I have seen video games sold on the merit of their graphics alone. I have seen video games sold on the merit of their novel control scheme alone. I have even seen video games sold on the merit of their replayability. The one significant review criteria I have never seen a game championed for is balance. This fascinates me. Thinking back on the truly great games of the ages, the game worth playing several hardware generations after release, is it not balance that makes them worthy of continued affection? Balance can make up for many sins, but a game cannot stand on balance alone.
Why this sudden obsession with balance? Virtua Tennis 4 forces me to. Virtua Tennis 4 is not a pretty game by any standard, even the low standards of the Nintendo Wii. The music, such as it is, has little appeal in its repetition and blandness. No, there is a deeper, more difficult to articulate reason that Virtua Tennis 4 is such an entrancing game. A scan of the review criteria we here at Diehard GameFAN use reveals that one category describes Virtua Tennis 4‘s greatest attribute: Balance. What a nebulous and ethereal quality to appraise!
There came a moment in my Virtua Tennis 4 playthrough that made me keenly aware that this was not going to be a simple game to surmise. I was sitting on the floor, having poured four and a half hours into the World Tour career of my Cuban tennis star, Tony Montana. Tony had played singles and doubles matches across four continents, built a fan base, and developed into an aggressive net crasher. He had failed to qualify for a tournament in England, so Tony was entered into the Qualifying tournament. Controlling Tony, I won my way into the main tournament by beating a pair of fictional players. Tony had arrived.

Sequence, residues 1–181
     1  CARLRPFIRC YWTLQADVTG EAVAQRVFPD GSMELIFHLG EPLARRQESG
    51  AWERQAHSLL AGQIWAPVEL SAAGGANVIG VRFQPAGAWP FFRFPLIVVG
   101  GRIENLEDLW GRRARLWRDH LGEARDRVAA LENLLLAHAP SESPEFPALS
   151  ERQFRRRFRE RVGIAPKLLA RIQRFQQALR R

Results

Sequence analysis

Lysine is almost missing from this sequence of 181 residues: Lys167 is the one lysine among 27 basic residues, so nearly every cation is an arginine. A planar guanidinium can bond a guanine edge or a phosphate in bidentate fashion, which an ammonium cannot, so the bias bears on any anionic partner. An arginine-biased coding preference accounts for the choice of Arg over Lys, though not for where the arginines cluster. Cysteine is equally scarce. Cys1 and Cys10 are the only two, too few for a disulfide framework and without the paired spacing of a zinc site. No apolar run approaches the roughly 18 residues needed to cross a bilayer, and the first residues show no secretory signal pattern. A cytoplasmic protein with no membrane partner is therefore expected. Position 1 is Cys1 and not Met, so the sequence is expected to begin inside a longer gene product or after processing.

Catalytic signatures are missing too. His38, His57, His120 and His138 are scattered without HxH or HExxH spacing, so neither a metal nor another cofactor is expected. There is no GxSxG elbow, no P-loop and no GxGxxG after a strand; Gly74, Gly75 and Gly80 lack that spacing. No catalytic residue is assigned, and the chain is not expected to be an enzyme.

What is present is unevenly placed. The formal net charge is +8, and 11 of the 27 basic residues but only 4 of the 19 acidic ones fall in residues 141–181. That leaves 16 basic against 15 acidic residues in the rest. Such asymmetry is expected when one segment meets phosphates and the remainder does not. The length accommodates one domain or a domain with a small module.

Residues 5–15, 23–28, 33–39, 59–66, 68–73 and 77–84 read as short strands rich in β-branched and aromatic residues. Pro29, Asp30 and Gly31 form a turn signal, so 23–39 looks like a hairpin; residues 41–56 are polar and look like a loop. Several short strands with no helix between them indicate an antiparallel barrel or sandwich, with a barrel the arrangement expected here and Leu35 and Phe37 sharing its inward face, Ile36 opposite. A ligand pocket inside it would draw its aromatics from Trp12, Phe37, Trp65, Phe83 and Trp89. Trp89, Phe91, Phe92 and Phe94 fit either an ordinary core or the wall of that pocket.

The first two games were tight, but Tony Montana’s aggressive play had won the day. All that remained was one player. The bad news was that the one player remaining was Roger Federer. The worse news was that the prior four games had sapped Tony’s stamina to the point that his ankle was injured going into the finals. Playing the best player in the world, ostensibly on one leg, is never easy. Doing so on grass is even harder. Unbridled aggression is an exploitable weakness on grass. Here, in a sports game, was the most engaging story I had encountered in a video game in some time. The kicker being that this story was caused by gameplay, not dictating it.
The match itself was one I will not soon forget. Tony had the serve, but the combination of Roger’s rocket return and Tony’s bad wheel meant that the Russian took an early lead. This was the story of the game: Tony played as aggressive as his body allowed and Roger played defensively. Sadly, Federer took it in 3 sets, but Tony Montana fought hard. I was left exhausted and emotionally spent, my thumbs beaten red by the unforgiving Wii controller. Even in defeat, I felt victorious.